---
title: "Window functions"
author: ""
---
## Aims of this worksheet
This worksheet teaches you how to use window functions, a special kind of function that is useful for understanding change over time. (For a fuller explanation of window functions, see the [related dplyr vignette](https://cran.rstudio.com/web/packages/dplyr/vignettes/window-functions.html).) We can begin by loading the data and packages that we need.
```{r, message=FALSE}
library(tidyverse)
library(historydata)
data("methodists")
methodists
```
## Lag and lead
There are a number of different kinds of window functions in R. We are going to look at two window functions, `lead()` and `lag()` which help us look for change over time.
To understand what a window function does, it is helpful to compare it to a transformation function and an aggregation function. Suppose we have a vector with five numeric values.
```{r}
original <- c(1.1, 2.2, 3.3, 4.4, 5.5)
```
A transformation function changes each element in the vector and returns a new value for each. In the example below, we round each element in the vector. We have a different result, but it still has five elements.
```{r}
round(original, 0)
```
In an aggregation function, we pass in a vector of numbers and get back a single value. In this case, we get the sum of the numbers.
```{r}
sum(original)
```
Aggregation functions work well with `summarize()`; transformation functions works well with `mutate()`.
A window function gives back a vector of numbers, but a vector which has fewer useable elements than the original. It is like sliding a window over the vector. Consider the case below.
```{r}
lead(original)
lag(original)
```
The function `lead()` returns the next element of a vector in place of the original value. At the end of the vector we get an `NA` because there are no more elements left. The function `lag()` does the opposite, giving us the previous element in the vector. In that case, the first element of the returned vector is `NA`.
The `lead()` and `lag()` functions are useful for comparing one value to its previous or successor value. Suppose, for instance, that we have a vector of membership figures for each year. We can calculate the number of new members each year by subtracting the current value from its previous value.
```{r}
membership <- c(100, 150, 250, 400, 600)
membership - lag(membership)
```
Now that we understand those basics, we can apply that to the Methodist annual minutes data that we worked with in a previous lesson. Let's start by getting just the membership data from Fairfax, Virginia. We will also calculate the `members_general` value for the years it is missing, and select only the columns we absolutely need.
```{r}
fairfax <- methodists %>%
filter(meeting == "Fairfax") %>%
select(year, meeting, members_total, members_white, members_black)
fairfax
```
Now that we have the data, we can add a column for the number of new members added each year.
```{r}
fairfax %>%
mutate(growth = members_total - lag(members_total))
```
(@) In what years did the Methodists grow in Fairfax? In what years did they shrink? Can you plot the growth?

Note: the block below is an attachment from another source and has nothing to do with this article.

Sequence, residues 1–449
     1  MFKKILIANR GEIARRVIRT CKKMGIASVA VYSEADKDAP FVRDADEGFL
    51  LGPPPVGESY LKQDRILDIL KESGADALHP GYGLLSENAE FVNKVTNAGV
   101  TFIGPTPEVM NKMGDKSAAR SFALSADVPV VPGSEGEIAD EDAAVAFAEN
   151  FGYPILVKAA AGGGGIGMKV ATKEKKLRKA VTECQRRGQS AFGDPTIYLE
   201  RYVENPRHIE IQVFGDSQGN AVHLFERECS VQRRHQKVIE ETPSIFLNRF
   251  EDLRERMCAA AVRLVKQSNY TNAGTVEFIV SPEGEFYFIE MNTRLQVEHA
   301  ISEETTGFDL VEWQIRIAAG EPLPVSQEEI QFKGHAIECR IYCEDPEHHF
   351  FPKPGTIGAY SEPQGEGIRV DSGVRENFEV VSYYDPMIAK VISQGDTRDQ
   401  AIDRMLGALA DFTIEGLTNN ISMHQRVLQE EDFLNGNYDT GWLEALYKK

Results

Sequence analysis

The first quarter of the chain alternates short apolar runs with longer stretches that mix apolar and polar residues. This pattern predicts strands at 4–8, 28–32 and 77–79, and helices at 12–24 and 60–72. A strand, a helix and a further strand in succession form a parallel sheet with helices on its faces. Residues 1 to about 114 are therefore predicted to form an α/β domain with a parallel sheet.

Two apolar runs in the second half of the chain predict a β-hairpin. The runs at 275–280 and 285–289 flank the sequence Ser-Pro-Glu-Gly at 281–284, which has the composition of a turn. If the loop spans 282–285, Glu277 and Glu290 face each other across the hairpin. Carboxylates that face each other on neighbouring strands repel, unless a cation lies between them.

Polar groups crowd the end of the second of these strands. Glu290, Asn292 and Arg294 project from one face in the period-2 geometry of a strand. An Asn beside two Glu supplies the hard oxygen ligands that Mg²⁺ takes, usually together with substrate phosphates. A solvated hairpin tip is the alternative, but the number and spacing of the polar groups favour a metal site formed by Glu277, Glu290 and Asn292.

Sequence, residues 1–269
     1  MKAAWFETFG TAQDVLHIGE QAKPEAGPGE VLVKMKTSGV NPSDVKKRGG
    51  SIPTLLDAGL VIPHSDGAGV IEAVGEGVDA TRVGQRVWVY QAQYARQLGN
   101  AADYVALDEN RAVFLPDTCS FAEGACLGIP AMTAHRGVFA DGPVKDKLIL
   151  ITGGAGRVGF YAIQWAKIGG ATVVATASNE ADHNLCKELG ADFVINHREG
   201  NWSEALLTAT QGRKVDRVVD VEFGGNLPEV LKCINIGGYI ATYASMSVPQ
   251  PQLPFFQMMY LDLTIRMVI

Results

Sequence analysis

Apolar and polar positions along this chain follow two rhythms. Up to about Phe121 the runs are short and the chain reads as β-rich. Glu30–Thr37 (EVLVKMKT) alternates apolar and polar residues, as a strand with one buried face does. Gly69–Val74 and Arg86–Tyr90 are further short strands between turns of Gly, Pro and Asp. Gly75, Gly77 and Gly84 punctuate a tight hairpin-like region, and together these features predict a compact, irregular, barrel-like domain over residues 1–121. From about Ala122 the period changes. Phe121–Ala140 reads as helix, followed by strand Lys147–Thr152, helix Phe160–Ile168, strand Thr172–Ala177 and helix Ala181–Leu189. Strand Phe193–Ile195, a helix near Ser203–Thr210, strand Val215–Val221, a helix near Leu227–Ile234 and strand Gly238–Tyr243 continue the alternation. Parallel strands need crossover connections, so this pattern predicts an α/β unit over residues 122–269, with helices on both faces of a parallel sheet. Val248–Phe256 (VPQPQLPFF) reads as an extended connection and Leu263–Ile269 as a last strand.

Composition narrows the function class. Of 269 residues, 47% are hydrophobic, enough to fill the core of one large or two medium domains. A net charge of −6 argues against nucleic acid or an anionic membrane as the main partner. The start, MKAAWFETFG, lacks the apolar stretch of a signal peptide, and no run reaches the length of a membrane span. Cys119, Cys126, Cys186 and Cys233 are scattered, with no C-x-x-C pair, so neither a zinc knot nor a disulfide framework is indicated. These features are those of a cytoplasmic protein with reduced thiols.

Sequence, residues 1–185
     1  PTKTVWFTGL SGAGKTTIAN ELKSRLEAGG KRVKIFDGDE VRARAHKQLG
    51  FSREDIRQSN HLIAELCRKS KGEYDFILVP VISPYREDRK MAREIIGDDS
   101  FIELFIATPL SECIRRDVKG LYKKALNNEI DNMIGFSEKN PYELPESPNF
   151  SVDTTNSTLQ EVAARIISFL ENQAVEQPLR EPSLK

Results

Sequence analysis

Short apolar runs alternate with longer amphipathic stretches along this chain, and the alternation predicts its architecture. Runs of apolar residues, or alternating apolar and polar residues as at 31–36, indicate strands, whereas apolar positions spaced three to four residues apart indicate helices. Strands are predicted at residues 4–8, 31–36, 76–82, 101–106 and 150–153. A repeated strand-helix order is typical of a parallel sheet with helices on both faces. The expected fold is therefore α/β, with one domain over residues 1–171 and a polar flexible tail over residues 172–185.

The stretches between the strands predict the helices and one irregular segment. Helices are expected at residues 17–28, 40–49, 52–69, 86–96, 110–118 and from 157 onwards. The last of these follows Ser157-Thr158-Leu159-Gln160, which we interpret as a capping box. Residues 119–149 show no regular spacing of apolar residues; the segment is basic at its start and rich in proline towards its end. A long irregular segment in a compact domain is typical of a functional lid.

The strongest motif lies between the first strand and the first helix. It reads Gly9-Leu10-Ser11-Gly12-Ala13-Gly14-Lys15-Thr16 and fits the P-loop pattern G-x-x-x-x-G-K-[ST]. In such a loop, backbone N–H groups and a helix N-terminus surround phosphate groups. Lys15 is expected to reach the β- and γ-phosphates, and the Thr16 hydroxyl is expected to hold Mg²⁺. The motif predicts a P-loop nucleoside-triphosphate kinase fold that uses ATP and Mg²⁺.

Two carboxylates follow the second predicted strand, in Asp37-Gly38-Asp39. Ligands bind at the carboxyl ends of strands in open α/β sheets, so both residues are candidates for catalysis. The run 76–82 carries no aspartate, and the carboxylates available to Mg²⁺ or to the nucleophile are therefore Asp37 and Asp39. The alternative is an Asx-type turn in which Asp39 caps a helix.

```{r}
```
(@) How might you use the growth figures to detect errors in the data? Keep in mind that they might have shunk or grown because of the way that they were counted.
>
(@) Find the growth in the number of white and black members in Fairfax, and plot them on the same chart. What is the pattern?
```{r}
```
(@) Return back to the original `methodists` data. Beginning in 1802, the Methodists organized the data by conference, district, and meeting. For 1802 and following, calculate the growth for each conference. Which conferences were growing the most in absolute terms? Which were growing the most in relative terms (i.e., growth percentage)? Do you get a clearer picture by looking at the growth in districts? Feel free to plot the data if you wish and to add explanatory text.
```{r}
```
## Rolling window functions
A rolling window function is a function which computes some summary statistic such as a mean or a median over a rolling window of time. For example, given a vector of data with one point for each year, a rolling mean for each year might be calculated for the window that includes the previous five years and the following five years. This is often useful for smoothing a trend line.
We can see how this works by loading the RcppRoll package, which includes a number of these functions. Then we can use our practice vector of membership numbers. We can calculate a rolling mean with a window of three, meaning that the value for each year will be the mean of that year, the previous year, and the following year.
```{r}
library(RcppRoll)
membership
roll_mean(membership, n = 3, fill = NA)
```
Notice that we cannot compute the rolling mean for the first or last year, since they don't have a previous year or a following year so their value is undefined. When you are using a rolling window function in a call to `mutate()`, it is important to use the `fill = NA` argument to keep the vectors properly aligned.
(@) Calculate the rolling mean of the membership figures for each conference in each year.
```{r}
```
(@) Try varying the window period (`n =`) and plotting the different trends. What effect does varying the window period have?
```{r}
```
(@) Look at the package documentation for the RcppRoll package (`package?RcppRoll`). Try at least one other rolling window function besides `roll_mean()`.